CATO CHAIRMAN TELLS SENATORS A GLOBAL WARMING TREATY IS PREMATURE

A. C. Szul mack97 at EROLS.COM
Fri Oct 3 19:08:48 MDT 1997


CATO CHAIRMAN TELLS SENATORS A GLOBAL WARMING TREATY IS PREMATURE
Niskanen: Rush to judgment would be a "serious mistake"

"Our nation risks a serious mistake in the rush to judgment on the
proposed global warming treaty," William A. Niskanen, chairman of the
Cato Institute, said in testimony to the Senate Committee on Energy and
Natural Resources. "The major economic issues that underlie this
treaty are not sufficiently understood."

Niskanen, who was a member of the Council of Economic Advisers under
President Reagan, noted that a number of economists have investigated
the possible consequences of such a treaty, with results that weigh
heavily in favor of more careful study. For example,

* Hoover Institute economist Thomas Gale Moore estimates that moderate
warming in the United States could generate net benefits of about 1
percent of U.S. output.

* There appears to be little reason for an early decision on global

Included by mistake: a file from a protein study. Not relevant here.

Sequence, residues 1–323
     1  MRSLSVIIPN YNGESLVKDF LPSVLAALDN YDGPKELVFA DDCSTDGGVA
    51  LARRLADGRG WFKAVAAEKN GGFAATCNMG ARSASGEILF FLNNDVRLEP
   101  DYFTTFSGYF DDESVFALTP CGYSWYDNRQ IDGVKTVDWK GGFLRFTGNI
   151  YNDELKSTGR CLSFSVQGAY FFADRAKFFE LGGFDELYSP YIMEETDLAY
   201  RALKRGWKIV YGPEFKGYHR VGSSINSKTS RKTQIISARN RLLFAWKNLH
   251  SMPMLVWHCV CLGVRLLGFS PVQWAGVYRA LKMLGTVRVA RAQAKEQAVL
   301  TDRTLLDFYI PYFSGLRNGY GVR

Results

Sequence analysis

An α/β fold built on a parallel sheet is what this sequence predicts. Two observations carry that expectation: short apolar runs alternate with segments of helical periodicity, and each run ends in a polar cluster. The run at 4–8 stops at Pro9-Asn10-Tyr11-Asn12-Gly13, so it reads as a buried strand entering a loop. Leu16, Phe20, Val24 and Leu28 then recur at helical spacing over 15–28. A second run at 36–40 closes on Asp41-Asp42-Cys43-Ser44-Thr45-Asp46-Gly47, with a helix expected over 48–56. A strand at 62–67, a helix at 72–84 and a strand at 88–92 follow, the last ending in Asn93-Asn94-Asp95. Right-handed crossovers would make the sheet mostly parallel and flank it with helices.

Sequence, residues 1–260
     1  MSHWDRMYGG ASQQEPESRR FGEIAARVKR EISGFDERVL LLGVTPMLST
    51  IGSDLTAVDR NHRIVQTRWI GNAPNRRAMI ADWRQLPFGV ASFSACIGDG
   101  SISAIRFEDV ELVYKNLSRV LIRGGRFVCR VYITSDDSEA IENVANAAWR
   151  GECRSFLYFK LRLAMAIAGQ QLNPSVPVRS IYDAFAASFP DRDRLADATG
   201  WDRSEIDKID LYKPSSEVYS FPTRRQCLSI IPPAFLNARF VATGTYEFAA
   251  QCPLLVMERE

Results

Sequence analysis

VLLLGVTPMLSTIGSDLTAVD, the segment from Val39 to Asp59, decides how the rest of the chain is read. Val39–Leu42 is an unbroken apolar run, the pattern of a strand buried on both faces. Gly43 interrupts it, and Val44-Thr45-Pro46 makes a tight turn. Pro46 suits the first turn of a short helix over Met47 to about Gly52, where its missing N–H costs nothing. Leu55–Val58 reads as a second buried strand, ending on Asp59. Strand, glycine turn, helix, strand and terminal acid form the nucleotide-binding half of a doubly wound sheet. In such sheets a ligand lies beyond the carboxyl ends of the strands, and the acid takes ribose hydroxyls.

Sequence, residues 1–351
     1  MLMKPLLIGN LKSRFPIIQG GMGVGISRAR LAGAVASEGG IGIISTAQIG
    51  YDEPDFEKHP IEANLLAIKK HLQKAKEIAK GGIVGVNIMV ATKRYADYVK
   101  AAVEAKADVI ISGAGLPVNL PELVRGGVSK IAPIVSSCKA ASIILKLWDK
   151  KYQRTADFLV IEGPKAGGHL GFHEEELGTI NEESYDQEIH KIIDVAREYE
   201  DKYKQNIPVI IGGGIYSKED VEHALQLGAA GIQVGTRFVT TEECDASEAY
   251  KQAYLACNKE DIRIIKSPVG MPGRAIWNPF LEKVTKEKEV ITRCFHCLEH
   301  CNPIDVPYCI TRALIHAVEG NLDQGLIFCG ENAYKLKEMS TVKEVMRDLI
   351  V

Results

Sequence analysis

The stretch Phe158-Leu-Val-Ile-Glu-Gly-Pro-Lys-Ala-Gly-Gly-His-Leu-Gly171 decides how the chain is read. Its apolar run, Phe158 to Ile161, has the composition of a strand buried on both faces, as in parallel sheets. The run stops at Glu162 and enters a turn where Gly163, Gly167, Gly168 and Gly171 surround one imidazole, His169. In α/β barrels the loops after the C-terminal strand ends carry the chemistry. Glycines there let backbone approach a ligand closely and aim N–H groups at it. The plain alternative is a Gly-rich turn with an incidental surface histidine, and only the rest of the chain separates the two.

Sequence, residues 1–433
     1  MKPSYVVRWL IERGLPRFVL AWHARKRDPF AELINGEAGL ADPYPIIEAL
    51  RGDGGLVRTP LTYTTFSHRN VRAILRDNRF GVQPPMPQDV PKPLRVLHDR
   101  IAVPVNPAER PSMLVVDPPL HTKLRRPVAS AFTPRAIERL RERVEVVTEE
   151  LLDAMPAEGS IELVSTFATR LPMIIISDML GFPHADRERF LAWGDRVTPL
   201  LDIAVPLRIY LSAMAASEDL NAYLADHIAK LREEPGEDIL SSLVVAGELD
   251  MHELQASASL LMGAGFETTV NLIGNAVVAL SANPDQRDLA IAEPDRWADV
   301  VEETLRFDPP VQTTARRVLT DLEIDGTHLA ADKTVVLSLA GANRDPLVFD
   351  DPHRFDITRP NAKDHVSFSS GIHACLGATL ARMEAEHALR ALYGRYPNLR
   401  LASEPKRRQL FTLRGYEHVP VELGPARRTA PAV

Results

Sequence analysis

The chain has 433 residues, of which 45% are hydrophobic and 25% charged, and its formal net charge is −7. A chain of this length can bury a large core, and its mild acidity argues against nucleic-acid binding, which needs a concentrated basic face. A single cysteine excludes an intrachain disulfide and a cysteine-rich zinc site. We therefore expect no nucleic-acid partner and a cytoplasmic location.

warming: the costs of doing nothing appear quite small, but the costs of
a major commitment to limit emissions or atmospheric concentrations are
very large. Yale economist William Nordhaus estimates that the worldwide
cost of global warming would be about 1.3 percent of world economic
product in 2050, but the net cost of stabilizing emissions at the 1990
level would be about $7.5 trillion (in 1989 dollars).

Niskanen pointed out that less extreme and less costly methods, such as
reforestation and spreading trace quantities of iron in the oceans, may
well be sufficient to offset the effects of increased carbon emissions.
Furthermore, the proposed treaty would exempt poor countries, despite
the fact that they will soon produce about half of global carbon dioxide
emissions. That would increase the relative cost to developed nations
and substantially dilute and delay any net reduction in emissions.

Niskanen added that, while some modest near-term measures might be
valuable, "there are too many scientific, economic, and political issues
yet to be resolved to support an early commitment to control the
emissions of greenhouse gases."

Testimony of William A. Niskanen
(http://www.cato.org/testimony/ct-wn093097.html)


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